Your Practice: How to focus your marketing efforts to improve your return on investment

A well-balanced marketing practice will generate 50% of its potential client leads from existing client recommendations. Hence, the clients must be at the centre of your marketing efforts and budget.

All too often a disproportionate amount of time and money is aimed at generating ‘cold’ leads (ie. through direct mail) rather than ‘warm’ recommendations. Remember, you are twice as likely to convert a ‘warm’ recommendation than you are a ‘cold’ lead.

Focus your marketing efforts as follows:


Go out of your way to give some non-chargeable time to your clients. This is generally very well received by the clients and allows you the opportunity to identify other ways where the clients need your help (which then becomes chargeable time).


Use the non-chargeable time to listen to your clients concerns – you do not need to move into any ‘selling’ mode. By listening you are far more likely to identify a ‘need’ and therefore lend a helping hand.


No amount of ‘promotional activity’ (see below) can substitute for networking. This is the concept of meeting and talking to people who can refer work such as clients, bankers, solicitors, estate agents, stock brokers, computer companies, printers etc.

The secret to networking is for partners to discipline themseles to allocating time to see people – my recommendation is use the ‘lunch hour’ to its maximum advantage.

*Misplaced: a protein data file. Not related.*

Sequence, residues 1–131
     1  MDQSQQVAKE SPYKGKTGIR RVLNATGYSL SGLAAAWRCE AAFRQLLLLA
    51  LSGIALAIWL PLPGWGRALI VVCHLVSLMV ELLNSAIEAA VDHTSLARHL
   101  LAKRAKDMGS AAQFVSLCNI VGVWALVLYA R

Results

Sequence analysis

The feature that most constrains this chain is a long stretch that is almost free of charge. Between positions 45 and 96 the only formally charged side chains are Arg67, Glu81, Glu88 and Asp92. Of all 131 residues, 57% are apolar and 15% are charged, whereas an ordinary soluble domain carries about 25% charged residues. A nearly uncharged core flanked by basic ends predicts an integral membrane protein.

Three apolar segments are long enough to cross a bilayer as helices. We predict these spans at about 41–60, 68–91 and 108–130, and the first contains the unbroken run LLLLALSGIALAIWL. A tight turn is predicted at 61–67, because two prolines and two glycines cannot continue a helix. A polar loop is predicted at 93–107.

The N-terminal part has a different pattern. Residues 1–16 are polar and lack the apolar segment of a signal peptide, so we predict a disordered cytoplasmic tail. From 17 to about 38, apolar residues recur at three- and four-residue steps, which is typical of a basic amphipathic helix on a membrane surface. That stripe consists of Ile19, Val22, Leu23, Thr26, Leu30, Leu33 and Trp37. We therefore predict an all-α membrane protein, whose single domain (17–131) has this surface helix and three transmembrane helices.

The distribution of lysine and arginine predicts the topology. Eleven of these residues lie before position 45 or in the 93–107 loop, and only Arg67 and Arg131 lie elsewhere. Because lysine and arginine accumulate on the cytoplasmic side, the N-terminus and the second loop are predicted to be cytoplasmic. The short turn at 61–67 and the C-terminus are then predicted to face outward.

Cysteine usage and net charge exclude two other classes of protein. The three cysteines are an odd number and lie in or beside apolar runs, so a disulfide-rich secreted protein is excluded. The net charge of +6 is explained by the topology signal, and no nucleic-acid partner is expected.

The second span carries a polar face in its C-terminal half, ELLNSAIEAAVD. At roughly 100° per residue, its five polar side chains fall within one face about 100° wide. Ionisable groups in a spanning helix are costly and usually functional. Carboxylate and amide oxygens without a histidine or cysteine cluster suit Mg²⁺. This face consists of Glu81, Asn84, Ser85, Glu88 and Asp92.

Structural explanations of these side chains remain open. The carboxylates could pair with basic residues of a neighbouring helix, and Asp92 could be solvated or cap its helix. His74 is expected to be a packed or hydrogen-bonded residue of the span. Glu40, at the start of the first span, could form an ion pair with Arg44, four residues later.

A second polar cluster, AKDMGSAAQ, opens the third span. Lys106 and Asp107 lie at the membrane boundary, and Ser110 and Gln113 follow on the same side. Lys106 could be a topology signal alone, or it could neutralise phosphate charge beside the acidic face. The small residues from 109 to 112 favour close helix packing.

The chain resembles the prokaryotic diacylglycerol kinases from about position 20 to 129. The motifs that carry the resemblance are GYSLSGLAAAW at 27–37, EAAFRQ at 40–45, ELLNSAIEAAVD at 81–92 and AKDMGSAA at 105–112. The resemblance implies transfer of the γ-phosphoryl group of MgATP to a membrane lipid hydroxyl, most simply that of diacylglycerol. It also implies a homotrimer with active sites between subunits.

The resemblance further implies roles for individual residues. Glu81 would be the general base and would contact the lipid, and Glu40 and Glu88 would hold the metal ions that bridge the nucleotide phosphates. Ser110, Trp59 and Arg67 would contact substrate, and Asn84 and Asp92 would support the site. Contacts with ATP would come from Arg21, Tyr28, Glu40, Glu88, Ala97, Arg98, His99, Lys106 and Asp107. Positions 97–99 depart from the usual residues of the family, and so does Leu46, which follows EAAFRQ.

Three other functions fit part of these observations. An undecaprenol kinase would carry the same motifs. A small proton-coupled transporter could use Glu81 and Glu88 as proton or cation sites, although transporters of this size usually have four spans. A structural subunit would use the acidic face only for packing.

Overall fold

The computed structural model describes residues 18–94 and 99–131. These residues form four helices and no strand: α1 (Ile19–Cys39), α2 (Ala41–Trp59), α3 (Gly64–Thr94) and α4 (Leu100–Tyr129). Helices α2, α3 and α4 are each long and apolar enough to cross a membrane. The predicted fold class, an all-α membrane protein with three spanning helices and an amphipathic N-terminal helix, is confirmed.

Such as, direct mail, newsletters (not technical bulletins), brochures, booklets, seminars, advertising etc.

Promotional activities are enormously important activities BUT ONLY as a support function to client focused marketing and networking. It is quite simply ‘money and time wasted to exclusively dedicate your activities without spending primary resources on your clients and other referral sources’.

Why? Promotional activities are usually ‘generalisations’ and therefore have last value for money. However, it is nontheless extremely powerful in the long run if it is sustained.

The process of proposing and selling to potential clients who are interested in talking to you. Usually these are very competitive and fee sensitive and hence you need the edge – hence the importance of the recommendation. Whether it be a ‘warm’ prospect or a ‘cold’ lead they are all opportunities and need your full commitment to concert them to clients.

There are inherent cultural problems with all of the five issues raised above – we are generally reactive and not proactive. It is more comfortable for us to follow up a client request than to sell.

Some of us prefer the promotional activities because somebody else can do that. It’s easier for partners to tell the marketing co-ordinate to change the message in the newsletters and brochures than for them to change their behaviour.

Nonetheless, the burden is on you, the partner. People buy people, and if the partners aren’t talking to clients, referral sources or prospects, you’re not marketing, you are giving it ‘lip service’ at best.

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